HTML summary

May 02, 2021 14:31 HTML

Table of contents

Now that you've finished learning HTML, what's next?

HTML summary

This tutorial has taught you how to create a site using HTML.

HTML is a common markup language used on the Web. HTML allows you to format text, add pictures, create links, enter forms, frames, tables, and more, and save it as a text file that the browser can read and display.

The key to HTML is tags, which are designed to indicate what will appear.

For more information about HTML, check out our HTML tutorials and HTML reference manuals.

To consolidate your proficiency in HTML, you can do some basic HTML testing!

Now that you've finished learning HTML, what's next?

Learn CSS

CSS is used to control the style and layout of multiple pages at the same time.

By using CSS, all formatting can be stripped from HTML and stored in a separate file.

By using CSS, we can greatly improve the productivity of web development!

To learn how to create style sheets, visit our CSS tutorial.

Learn JavaScript

JavaScript can make your web pages more vivid.

Static sites are great if you just want to present content, and Javascript is needed if you want to exchange with users or make web pages more vivid.

JavaScript is the most popular scripting language on the Internet and is currently supported by all major browsers.

If you want to learn more about Javascript, you can visit the JavaScript tutorial on this site .

The site server

Hosting a web site on your own server is always an option. There are a few things to consider:

Hardware expenses

If you want to run a "real" website, you have to buy powerful server hardware. D on't expect low-cost PCs to handle these jobs. You also need a stable (24 hours a day) high-speed connection.

Software expenses

Keep in mind that server authorization is often more expensive than client authorization. Also note that server authorization may have a limit on the number of users.

Labor costs

Don't expect low labor costs. Y ou must install your own hardware and software. You also have to deal with vulnerabilities and viruses to ensure that your server is running in a "anything can happen" environment at all times.

Using an Internet Service Provider (ISP)

Renting servers from ISPs is also common.

Most small companies store their websites on servers provided by ISPs. The advantages are as follows:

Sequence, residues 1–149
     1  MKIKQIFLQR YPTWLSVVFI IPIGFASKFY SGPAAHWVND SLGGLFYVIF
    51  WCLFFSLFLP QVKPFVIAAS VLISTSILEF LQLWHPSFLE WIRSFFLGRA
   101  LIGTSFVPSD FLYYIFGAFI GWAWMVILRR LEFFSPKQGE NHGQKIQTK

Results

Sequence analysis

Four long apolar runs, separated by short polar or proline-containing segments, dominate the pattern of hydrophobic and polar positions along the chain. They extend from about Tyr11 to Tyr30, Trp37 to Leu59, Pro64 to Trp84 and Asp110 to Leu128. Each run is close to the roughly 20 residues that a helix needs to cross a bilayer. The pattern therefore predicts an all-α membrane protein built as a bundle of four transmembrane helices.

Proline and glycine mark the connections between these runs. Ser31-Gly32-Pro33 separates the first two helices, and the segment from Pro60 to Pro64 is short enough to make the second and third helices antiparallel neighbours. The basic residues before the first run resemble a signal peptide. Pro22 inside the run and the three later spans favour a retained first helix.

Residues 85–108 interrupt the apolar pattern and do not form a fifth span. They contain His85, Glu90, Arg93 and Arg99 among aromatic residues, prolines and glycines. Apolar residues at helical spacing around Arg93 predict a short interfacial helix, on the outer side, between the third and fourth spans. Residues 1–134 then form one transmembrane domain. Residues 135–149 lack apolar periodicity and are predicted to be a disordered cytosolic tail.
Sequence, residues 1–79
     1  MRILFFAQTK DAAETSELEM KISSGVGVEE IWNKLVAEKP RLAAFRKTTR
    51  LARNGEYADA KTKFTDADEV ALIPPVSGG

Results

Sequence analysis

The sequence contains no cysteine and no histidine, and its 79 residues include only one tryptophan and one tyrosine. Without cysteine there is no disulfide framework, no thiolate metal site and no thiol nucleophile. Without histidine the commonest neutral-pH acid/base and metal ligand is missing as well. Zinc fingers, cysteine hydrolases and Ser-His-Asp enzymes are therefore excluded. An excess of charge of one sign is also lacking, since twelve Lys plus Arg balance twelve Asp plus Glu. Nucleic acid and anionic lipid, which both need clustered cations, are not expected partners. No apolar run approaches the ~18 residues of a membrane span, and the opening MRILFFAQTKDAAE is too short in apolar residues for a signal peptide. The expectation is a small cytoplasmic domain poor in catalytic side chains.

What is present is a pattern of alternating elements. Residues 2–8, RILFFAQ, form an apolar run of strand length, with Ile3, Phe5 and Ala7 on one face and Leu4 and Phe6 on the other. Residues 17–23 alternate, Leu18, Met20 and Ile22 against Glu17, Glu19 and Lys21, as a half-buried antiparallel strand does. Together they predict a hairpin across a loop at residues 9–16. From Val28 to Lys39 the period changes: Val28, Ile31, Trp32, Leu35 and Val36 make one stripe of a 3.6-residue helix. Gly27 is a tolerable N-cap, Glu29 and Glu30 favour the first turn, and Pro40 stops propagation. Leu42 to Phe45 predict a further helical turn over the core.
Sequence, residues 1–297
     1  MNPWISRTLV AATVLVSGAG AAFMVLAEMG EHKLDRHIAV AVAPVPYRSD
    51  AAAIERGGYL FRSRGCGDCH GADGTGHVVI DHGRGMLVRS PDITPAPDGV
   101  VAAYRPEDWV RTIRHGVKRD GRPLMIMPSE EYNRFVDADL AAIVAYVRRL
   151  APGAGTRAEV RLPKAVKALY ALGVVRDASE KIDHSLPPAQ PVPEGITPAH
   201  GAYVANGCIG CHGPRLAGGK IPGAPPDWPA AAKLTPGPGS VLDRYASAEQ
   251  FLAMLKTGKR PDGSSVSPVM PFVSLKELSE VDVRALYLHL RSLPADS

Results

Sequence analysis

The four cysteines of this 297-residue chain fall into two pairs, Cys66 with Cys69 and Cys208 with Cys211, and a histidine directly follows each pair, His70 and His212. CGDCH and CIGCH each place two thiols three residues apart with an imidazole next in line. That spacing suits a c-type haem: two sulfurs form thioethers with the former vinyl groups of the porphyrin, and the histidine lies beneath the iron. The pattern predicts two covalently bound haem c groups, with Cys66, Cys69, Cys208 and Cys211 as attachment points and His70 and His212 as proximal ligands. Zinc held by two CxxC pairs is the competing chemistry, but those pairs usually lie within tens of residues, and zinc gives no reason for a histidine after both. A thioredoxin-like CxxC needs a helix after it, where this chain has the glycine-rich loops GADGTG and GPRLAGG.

The connection speed

Most ISPs have high-speed Internet connections.

Powerful hardware

The ISP's Web servers are often powerful enough to share resources between several Websites. You'll also want to see if your ISP provides efficient load balancing and the necessary backup servers.

Security and reliability

An ISP is an expert in web hosting. They should provide more than 99% of their online time, the latest software patches, and the best virus protection.

Precautions when selecting an ISP

24-hour support

Ensure that your ISP provides 24-hour support. D on't put yourself in an awkward position where you can't solve a serious problem, and you'll have to wait for the second working day. Toll-free service is also necessary if you do not want to pay for long distance calls.

Daily backup

Make sure that your ISP performs the routine of daily backups, otherwise you risk losing valuable data.


Look at the traffic limits of your ISP. If there are unexpected visits that have surged due to the popularity of your site, you want to make sure you don't pay extra for it.

Bandwidth or content restrictions

Look at the bandwidth and content limitations of your ISP. If you plan to publish a picture or broadcast video or audio, make sure you have this permission.

E-mail function

Make sure your ISP supports the e-mail features you need.

Database access

If you plan to use the data in the site database, make sure that your ISP supports the database access you need.

Be sure to read W3Cschool's web hosting tutorial before you choose an ISP.

After completing this tutorial, W3Cschool recommends that you do html combat to reinforce the new knowledge you've just learned.